Matter of time before White breaks up Strikeforce

NEIL SPRINGER, QMI Agency

, Last Updated: 3:51 PM ET

TORONTO - In a bombshell announcement from the MMA boardrooms, UFC parent company, Zuffa, LLC, has purchased its rival Strikeforce.

UFC president Dana White broke the news Saturday afternoon in an interview with MMAFighting.com.

Prior to the deal, Strikeforce was the UFC’s largest competitor in North America and currently houses such top fighters as Fedor (The Last Emperor) Emelianenko, Dan (Hendo) Henderson, Alistair (Demolition Man) Overeem, Nick Diaz and Fabricio (Vai Cavalo) Werdum.

But if you think you’ll be seeing those athletes in the octagon any time soon, you may be disappointed.

The San Jose-based MMA organization will operate as a separate entity for the time being and will go ahead with all planned fight cards.

“Strikeforce is going to continue to run business as usual,” White said in the interview.

“There are contracts in place; they’re on Showtime. Strikeforce pulls good ratings for Showtime; I think Showtime’s happy with them. All those contracts will be honoured. These guys will remain Strikeforce fighters.

“Could guys from the UFC leave and end up in Strikeforce? Absolutely.”

White has made it clear he intends to take the UFC to a global stage.

The company has held shows in the United States, Canada, Australia, the United Kingdom, Germany, the United Arab Emirates and is scheduled to hold fight cards in Brazil and Sweden by the end of the year.

With its biggest North American competitor out of the way — and Japanese MMA promotions Sengoku Raiden Championship and DREAM, as well as kickboxing organization K-1, all circling the drain — this is a huge step towards making that plan a reality.

On the flip side, it also means less variety for MMA fans, many of whom feel that healthy competition helps to better the sport by offering fighters more options on where to earn a living and ply their trade.

White said purchasing Strikeforce was necessary for the UFC to continue to grow.

“As we go out and (continue to expand), we need more fights,” White said.

“Let’s face facts. Strikeforce is a brand that fans have come to like and enjoy the fights that they’re putting on. So it made sense to us. Our job is to put on the big fights that fans want to see, and as we continue to travel, we have to put on the right fights in these other countries.”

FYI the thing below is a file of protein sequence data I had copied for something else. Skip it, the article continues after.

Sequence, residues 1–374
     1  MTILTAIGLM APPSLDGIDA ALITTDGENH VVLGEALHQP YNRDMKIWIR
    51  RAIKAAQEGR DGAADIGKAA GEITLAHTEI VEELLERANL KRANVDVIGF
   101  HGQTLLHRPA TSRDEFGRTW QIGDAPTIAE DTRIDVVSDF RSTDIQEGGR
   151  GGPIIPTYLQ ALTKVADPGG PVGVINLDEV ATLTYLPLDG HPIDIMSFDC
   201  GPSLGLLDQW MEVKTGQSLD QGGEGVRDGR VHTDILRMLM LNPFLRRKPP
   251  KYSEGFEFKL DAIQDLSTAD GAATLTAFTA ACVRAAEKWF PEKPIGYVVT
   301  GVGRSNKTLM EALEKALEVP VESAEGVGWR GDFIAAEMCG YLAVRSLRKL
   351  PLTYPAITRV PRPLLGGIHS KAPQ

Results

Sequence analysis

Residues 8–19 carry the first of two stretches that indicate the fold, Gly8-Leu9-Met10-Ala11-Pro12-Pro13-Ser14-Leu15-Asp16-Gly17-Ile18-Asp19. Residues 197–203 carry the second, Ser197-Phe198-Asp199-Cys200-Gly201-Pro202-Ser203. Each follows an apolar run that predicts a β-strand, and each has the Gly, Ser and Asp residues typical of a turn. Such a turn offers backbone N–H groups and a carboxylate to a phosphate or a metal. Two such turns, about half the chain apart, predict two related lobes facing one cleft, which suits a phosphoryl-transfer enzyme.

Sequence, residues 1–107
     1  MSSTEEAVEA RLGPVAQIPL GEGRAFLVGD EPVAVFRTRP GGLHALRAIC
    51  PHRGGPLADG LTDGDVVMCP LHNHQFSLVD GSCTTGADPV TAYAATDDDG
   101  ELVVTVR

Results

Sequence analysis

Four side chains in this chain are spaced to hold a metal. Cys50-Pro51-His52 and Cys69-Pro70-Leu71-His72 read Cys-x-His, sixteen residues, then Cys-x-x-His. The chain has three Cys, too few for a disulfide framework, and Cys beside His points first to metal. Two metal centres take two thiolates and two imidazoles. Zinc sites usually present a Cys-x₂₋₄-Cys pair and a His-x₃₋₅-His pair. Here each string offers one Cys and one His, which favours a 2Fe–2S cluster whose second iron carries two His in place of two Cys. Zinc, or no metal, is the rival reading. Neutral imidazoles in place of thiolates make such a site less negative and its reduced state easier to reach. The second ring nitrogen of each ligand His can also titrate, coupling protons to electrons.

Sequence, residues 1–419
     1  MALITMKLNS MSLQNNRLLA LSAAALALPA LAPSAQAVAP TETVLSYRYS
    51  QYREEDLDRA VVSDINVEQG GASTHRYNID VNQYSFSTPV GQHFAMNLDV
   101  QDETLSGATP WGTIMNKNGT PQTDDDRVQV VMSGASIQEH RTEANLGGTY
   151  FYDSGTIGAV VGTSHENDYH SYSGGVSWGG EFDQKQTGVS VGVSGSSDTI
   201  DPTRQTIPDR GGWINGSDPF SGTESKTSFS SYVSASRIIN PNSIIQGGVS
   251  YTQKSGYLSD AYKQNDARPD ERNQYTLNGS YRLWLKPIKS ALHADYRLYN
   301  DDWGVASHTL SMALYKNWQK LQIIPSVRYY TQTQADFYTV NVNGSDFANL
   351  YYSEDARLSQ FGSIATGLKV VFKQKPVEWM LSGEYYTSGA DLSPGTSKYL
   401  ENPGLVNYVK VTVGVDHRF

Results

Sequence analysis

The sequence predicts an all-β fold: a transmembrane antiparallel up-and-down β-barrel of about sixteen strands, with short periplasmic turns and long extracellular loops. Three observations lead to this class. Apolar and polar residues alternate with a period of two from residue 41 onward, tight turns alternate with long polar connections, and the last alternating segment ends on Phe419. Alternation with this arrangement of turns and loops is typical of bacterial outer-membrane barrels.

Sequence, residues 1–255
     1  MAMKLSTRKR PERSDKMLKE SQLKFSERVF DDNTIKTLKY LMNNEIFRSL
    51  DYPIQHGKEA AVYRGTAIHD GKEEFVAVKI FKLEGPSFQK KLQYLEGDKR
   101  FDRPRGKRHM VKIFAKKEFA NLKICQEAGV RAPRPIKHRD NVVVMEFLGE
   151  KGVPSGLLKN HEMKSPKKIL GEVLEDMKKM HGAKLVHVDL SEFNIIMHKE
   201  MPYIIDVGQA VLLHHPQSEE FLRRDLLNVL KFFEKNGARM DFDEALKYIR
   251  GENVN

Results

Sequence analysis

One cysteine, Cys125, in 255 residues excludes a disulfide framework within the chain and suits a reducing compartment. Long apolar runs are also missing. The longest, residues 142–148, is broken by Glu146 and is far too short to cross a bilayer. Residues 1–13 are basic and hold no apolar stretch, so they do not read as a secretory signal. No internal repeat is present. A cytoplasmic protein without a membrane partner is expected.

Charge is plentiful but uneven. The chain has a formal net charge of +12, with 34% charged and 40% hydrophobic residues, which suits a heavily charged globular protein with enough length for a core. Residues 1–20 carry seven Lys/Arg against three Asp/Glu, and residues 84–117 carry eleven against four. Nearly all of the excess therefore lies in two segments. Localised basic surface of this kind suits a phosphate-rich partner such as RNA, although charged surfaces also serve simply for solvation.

Though White maintains Strikeforce will continue to operate independently, there’s no way he plans to keep it alive any longer than he needs to.

Once all of Strikeforce’s contractual obligations are taken care of, it’s likely the company will be killed off and all the best parts will be moved to the UFC.

After all, White is not so much in the MMA business as he is in the UFC business.

When it reaches this point, it will be interesting to see what happens to the fighters and staff who downright despise White and vice versa.

This includes Henderson, Josh (The Babyfaced Assassin) Barnett, Paul (Semtex) Daley, as well as announcers Frank Shamrock and Pat Miletich.

White has already said in previous interviews that both Daley and Barnett will never be allowed back in the UFC.

White fired Daley for his post-fight sucker punch on Josh (Kos) Koscheck at UFC 113 last year, while Barnett left the organization after testing positive for steroids following his heavyweight-championship victory over Randy (The Natural) Couture at UFC 36 on March 22, 2002.

Since Mike Goldberg and Joe Rogan cover off announcing duties for the UFC, the likelihood of Shamrock and Miletich working for White are slim.

Henderson sits in a bit of a grey area. He left the UFC for Strikeforce after failing to negotiate a new contract, citing financial differences as well feeling disrespected by White.

Though he remains a tremendous competitor, having just knocked out Rafael (Feijao) Cavalcante to capture the Strikeforce light-heavyweight championship earlier this month, he’s also 40 years old and his time left in the sport is limited.

But never say never.

If White can make up with Tito (The Huntington Beach Bad Boy) Ortiz, he can probably mend the fence with anyone.

Beyond the instances of pure hate, there’s also the tricky situations involving Diaz and Emelianenko.

White has always said he’s a fan of Diaz as a fighter, but that the Strikeforce welterweight kingpin needs to “play the game” more.

This means doing interviews and making public appearances when asked, but also acting professionally.

At UFC 57 on Feb. 4, 2006, Diaz lost a unanimous decision Joe (Diesel) Riggs. The two were taken to hospital for observation, where Diaz confronted Riggs and punched him in the face.

A brawl erupted and the two had to separated by police. This is obviously the sort of bad press White looks to avoid.

For Emelianenko to ever step foot in the octagon, he would need to lose his management team, Russia-based MMA organization M-1 Global.

White has tried numerous times in the past to sign the fighter once considered the top heavyweight in the world. However, M-1 is determined to sign a deal for co-promotion, wherein all events featuring Emelianenko also carry the M-1 brand logo, as well.

White addressed the issue on a July 2009 conference call after negotiations with Emelianenko fell through.

“We’ve got this guy, some people say he’s the best heavyweight in the world, so give us half of your business,” White said, mocking M-1.

“That s--- might work in Russia, but not here.”

For now, we’ll have to see how everything plays out. Strikeforce is still promoting shows, including its upcoming April 9 event headlined by a welterweight title fight between Diaz and Daley.

However, as MMA continues to grow as a sport, space for competition with the UFC continues to shrivel.


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